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Write an essay in which you take a side on an issue. Introduce/define the issue in the first paragraph or two of the essay as you work toward your

thesis, which should be a declarative statement of the side you are taking on the issue. In the body paragraphs following the introduction, offer

support for your thesis (your point of view) by providing evidence in the form of the history of the issue, facts, statistics, expert and/or personal

opinion, etc., demonstrating that your viewpoint has merit. Other body paragraphs should be used to counter your own viewpoint, offering the “they

say” or “naysayers” point of view: again, through the use of facts, statistics, expert and/or personal opinion, etc. Follow the counterargument(s)

with a rebuttal paragraph, in which you dismantle or show the weaknesses of the counter claims. Finally, construct a conclusion to the essay by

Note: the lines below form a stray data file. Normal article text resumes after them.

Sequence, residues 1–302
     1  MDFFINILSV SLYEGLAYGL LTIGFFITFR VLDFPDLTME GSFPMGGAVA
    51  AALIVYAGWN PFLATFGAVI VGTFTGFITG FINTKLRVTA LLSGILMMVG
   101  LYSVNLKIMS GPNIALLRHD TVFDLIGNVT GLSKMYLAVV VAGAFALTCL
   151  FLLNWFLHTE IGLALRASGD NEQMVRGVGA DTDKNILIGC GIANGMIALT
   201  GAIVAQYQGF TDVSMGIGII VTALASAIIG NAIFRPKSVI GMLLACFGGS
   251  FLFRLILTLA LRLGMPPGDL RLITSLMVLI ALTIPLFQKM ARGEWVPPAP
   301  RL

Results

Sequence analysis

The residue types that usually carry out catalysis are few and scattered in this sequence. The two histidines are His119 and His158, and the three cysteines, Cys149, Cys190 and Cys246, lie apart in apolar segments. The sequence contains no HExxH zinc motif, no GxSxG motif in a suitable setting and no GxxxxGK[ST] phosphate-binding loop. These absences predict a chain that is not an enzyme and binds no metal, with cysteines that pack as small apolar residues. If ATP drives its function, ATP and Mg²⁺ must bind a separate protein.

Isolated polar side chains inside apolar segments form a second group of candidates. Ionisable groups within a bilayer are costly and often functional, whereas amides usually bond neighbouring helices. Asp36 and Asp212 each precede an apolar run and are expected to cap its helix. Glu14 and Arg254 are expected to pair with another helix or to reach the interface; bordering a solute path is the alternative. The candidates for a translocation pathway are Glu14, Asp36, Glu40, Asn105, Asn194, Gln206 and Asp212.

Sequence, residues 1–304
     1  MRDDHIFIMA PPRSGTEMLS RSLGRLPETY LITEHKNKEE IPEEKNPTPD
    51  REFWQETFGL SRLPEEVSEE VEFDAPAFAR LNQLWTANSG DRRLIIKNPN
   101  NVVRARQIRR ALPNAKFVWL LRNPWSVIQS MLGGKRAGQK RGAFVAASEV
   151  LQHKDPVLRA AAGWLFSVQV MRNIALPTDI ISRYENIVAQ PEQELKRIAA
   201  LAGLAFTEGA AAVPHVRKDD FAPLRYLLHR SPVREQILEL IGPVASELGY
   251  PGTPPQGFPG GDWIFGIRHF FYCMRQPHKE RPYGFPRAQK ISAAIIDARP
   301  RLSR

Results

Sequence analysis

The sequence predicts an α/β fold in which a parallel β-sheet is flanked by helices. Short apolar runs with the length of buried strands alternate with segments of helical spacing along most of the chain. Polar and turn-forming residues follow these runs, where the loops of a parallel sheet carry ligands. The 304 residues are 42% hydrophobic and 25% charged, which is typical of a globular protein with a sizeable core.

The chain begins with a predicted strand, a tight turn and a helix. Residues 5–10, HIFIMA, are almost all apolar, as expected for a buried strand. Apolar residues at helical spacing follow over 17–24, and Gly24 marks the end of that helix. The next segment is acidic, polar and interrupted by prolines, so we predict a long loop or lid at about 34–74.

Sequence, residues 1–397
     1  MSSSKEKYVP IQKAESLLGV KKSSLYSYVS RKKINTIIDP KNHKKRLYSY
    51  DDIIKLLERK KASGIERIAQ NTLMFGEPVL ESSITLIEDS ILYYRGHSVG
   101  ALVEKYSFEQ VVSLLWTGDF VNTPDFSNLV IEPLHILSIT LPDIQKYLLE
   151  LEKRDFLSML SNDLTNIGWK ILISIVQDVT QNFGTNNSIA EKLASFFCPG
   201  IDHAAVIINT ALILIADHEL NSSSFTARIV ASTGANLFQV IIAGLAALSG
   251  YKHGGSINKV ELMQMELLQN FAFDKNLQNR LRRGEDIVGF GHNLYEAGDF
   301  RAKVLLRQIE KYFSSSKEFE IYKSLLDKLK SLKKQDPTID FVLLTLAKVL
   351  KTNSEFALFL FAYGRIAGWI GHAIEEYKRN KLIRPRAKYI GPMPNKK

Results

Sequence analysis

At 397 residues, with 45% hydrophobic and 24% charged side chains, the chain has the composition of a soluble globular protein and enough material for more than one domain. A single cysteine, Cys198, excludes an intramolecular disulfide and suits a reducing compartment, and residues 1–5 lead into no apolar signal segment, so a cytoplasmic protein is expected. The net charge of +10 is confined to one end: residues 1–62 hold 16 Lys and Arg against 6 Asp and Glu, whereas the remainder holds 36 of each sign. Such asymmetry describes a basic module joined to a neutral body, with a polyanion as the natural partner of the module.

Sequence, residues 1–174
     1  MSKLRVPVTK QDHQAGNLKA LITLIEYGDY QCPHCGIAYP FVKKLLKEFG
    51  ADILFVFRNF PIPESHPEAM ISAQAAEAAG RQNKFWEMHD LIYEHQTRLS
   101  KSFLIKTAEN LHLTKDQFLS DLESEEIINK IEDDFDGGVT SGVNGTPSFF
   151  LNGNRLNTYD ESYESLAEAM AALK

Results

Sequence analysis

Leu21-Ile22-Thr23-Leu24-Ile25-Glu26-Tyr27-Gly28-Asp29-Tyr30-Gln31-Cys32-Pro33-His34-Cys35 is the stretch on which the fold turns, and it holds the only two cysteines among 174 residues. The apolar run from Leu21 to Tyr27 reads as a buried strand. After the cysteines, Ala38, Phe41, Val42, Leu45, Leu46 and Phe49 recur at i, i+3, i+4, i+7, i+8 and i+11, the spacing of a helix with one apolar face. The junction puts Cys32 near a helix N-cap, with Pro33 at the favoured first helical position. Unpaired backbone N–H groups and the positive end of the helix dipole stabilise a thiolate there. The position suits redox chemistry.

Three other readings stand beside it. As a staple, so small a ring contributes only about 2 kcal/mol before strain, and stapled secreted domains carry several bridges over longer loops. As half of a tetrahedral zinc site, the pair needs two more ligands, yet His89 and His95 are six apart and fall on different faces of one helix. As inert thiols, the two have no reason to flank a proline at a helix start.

reminding the reader of your thesis or main point, summarizing the evidence you have offered to support your viewpoint, and perhaps even offering one

final piece of support for your thesis. Use similar terminology in the conclusion and the introduction to help the reader form a dominant image of

the argument you are advancing, and try to create a connection between the conclusion and the title of the essay, which should be applied after you

have completed the essay.

Use of Secondary Sources
As mentioned above, you must incorporate two secondary sources into your discussion. By the way, Spark Notes, Wikipedia or any version of the

dictionary may not be considered a secondary source. You must find books, book chapters, essays, online websites, blogs, newspaperor journal articles

written about the topic you are discussing, or verifiable facts and statistics from reputable organizations.Personal interviews may serve as

secondary sources as well.


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